Rabidmuskrat
2013-05-05, 01:40 PM
This question made me think of this thread (http://www.giantitp.com/forums/showthread.php?t=282224).

Basically, its a small bomb that turns everyone that fails the saving throw in its area into more bombs. Something like this might do what you want with a few modifications.

1) Spell is 'cast' by some physical construct such as a giant artillery cannon, however it has no range limit. Don't bother explaining why it can shoot over the horizon. Just say *magic*.
2) The spell taps directly into the negative energy plane to fire, hence the construct to start with. As such, it deals negative energy damage (not force).
3) Only sentient creatures (int score above 3) can cause secondary explosions. Others still get hit.

Of course, something went wrong. Here are a few ideas, but the truth is you can mix and match very easily.

1) The weapon worked exactly as intended, but the Arasala and crew miscalculated the magnitude of negative energy released. The excess energy spilled over and basically wiped out all life within five miles of the weapon itself. Time and weather has done all the rest.
2) The weapon worked exactly as intended... except for its targeting system. The effect centered on the weapon itself instead of where it was aimed. Same effect as the previous one, but -1 other ruined city.
3) Agents of their enemies sabotaged the weapon. Part of it exploded when the weapon was fired (structural damage) and this released all the negative energy the weapon was supposed to fire into the surrounding city.
4) The weapon worked exactly as intended. Unfortunately, the big release of negative energy attracted the attention of things attuned to it. The city was promptly swarmed by every undead in a hundred miles shortly thereafter (and their superweapon was completely ineffective).
5) The weapon worked almost as intended, except it didn't kill anyone. Instead, it just turned them into an intelligent undead (necropolitan template or something). These undead, slightly angry at having been forced into that state, marched on the city and killed everyone.
6) One of Arasala's lackeys (or even Arasala himself) tried to use the device to obtain power by assassinating the other ruler types. He either was unaware of the area of effect or miscalculated (all it takes is one servant somewhere he shouldn't be to set off a chain reaction) and accidentally wiped out all life in the city.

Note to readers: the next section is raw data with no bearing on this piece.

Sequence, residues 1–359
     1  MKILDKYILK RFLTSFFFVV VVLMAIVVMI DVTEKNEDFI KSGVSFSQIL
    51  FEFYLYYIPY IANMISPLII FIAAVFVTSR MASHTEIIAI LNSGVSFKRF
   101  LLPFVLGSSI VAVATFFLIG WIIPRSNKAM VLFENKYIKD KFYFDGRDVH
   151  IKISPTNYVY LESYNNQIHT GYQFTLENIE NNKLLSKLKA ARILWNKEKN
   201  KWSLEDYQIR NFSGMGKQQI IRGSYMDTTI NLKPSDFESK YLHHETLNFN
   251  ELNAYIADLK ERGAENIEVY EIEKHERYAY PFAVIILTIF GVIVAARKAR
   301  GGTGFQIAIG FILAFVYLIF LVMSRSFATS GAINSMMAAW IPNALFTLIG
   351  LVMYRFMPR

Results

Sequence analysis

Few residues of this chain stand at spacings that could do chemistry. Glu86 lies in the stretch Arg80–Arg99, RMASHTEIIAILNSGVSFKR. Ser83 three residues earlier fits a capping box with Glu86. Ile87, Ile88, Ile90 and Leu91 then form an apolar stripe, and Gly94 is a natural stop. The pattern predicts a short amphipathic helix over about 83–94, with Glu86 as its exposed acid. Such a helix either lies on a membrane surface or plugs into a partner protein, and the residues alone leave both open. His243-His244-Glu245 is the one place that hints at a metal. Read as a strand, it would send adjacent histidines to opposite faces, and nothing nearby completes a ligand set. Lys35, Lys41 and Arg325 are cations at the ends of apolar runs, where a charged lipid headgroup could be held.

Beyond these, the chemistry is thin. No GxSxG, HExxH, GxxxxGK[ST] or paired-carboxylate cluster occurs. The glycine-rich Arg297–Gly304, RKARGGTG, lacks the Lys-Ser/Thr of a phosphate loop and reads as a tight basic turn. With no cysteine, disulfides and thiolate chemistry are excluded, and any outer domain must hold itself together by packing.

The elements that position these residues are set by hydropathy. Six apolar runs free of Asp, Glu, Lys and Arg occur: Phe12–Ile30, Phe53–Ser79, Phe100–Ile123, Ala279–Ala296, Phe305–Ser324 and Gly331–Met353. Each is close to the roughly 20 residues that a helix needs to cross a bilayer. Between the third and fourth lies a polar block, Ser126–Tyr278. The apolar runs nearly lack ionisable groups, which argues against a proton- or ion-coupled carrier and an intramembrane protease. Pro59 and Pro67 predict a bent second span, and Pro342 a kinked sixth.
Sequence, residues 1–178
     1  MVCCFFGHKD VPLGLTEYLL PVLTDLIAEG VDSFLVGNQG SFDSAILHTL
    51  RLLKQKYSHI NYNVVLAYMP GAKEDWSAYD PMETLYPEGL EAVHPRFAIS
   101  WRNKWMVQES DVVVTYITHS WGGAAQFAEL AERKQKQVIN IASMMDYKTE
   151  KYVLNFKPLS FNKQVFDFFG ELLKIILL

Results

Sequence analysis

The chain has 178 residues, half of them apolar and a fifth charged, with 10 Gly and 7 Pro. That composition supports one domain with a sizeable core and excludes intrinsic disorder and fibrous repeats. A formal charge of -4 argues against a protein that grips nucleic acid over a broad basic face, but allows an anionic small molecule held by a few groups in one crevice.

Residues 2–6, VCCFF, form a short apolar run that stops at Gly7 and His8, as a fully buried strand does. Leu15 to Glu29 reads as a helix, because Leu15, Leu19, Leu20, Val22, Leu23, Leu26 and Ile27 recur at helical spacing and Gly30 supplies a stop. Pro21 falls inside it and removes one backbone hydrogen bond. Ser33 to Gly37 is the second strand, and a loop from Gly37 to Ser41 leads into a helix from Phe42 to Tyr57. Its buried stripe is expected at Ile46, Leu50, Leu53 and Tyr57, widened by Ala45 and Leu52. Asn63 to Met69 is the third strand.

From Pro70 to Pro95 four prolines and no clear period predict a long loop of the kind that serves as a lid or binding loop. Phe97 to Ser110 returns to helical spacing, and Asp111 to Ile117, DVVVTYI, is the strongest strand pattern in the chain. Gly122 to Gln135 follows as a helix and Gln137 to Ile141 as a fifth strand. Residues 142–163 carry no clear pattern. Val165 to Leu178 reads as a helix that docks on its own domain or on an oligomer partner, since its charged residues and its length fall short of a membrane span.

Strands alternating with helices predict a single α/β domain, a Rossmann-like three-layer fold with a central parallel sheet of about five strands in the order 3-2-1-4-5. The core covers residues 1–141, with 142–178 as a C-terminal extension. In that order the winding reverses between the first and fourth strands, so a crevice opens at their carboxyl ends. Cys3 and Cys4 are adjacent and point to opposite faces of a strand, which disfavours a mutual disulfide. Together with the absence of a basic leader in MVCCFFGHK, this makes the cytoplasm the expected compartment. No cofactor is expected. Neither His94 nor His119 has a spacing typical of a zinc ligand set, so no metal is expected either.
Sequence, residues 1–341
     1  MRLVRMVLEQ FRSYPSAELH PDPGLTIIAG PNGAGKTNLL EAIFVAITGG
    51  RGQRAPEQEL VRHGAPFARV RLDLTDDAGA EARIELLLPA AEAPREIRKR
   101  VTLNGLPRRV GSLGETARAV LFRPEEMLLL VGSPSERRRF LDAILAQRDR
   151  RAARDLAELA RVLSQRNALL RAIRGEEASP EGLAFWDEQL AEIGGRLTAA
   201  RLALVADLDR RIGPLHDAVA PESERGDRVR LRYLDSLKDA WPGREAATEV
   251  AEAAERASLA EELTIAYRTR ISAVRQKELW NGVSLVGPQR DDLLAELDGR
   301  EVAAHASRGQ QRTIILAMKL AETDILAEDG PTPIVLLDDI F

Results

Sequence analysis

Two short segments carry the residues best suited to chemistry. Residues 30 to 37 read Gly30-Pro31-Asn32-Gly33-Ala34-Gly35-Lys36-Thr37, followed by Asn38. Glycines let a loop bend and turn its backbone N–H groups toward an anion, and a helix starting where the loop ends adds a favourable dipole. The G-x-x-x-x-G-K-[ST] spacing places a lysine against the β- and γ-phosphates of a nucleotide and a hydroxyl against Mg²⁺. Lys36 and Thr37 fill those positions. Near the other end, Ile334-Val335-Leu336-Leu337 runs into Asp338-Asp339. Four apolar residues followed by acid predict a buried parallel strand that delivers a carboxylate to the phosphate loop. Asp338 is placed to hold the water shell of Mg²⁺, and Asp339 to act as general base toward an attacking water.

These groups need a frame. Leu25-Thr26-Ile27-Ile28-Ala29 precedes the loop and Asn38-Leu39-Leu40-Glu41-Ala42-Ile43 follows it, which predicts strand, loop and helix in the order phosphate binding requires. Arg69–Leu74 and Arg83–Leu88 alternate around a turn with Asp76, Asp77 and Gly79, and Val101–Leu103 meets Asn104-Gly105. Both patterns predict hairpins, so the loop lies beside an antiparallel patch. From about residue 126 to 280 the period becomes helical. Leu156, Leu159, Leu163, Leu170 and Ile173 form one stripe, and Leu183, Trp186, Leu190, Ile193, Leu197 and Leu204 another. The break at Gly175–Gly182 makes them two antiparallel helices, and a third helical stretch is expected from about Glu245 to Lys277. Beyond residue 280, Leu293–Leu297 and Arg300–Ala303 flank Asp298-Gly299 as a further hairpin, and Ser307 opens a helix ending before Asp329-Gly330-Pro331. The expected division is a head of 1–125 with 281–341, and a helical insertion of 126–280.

7) The target city were devout followers of some or other relatively bigshot god. Gods rarely notice when one of their followers die, but an entire city wiped out in one go tends to make them notice. They responded by cursing Arasala's city in some horrible way that makes the place completely unlivable, perhaps even locked up the device to prevent it from being used again (think Arasala and the nobles twisted forms cursed to forever guard the device, or something).
8) The weapon wasn't supposed to summon anything, just draw negative energy from the negative energy plane. Unfortunately, something happened to be at the exact point the weapon was drawing energy from when it was fired and as such was summoned. The weapon, not designed for this, malfunctioned like a pistol trying to fire a bullet three sizes too large. Whatever it summoned either perished in the process or now walks around the city a bit confused, eating adventurers and small armies that try to retake it.

I like lists :smallsmile:

smoke prism
2013-05-06, 04:13 PM
The first thing that came to mind was some sort of biological weapon. The weapon consists of 3 parts:

The chemical, virus, disease
This is the deadly part of the weapon. Essencely all it dose is desolve all organic materials it comes in contact with. This includes even plants, fungus and bacteria. All effected creatures are turned in to clear in-organic slime with in a matter of seconds.

The launch system
The chemical, virus, disease is put into shells that shatter on impact with a hard surface, releasing it's contence. The launcher is basically a massive artillery cannon. The cannon is attached to a magical map and targeting system.

Targeting system
The Targeting system is a large 3D map carved out of a pice of pure White crystal. All the user has to do is aline the targeting system over area they want to attack. After this the magic in the map works out how to possession the launcher to hit the targeted location. These calculations are then relayed to the possessioning mechanise in the cannon which automatacly aims the cannon.

The problem was that everything but the chemical, virus, disease were tested. So the ruling body decided to test the chemical, virus, disease on the poorer classes (killing to birds with one stone). But unbeknown to them was that chemical, virus, disease would spread like wildfire through the city. With in a day everyone in the city was dead. This meant that the city was left to slowly decay, leaving only a silent husk, in the desart.

Creed
2013-05-13, 10:00 AM
I had a plotline that sounded similar to this once. The kicker was that the party was sent to try to find out if this weapon survived the cataclysm, and after session after session of searching the ruins, they figured it out. The city itself was the device. The ruling class had designed the layout of the city using a style of magical geometry that served as a rare kind of magic in my setting. The city itself, when complete, generated energy that was directed by a series of towers around the city that seemingly were impossible to enter or scale.

Selenir
2013-05-14, 12:11 PM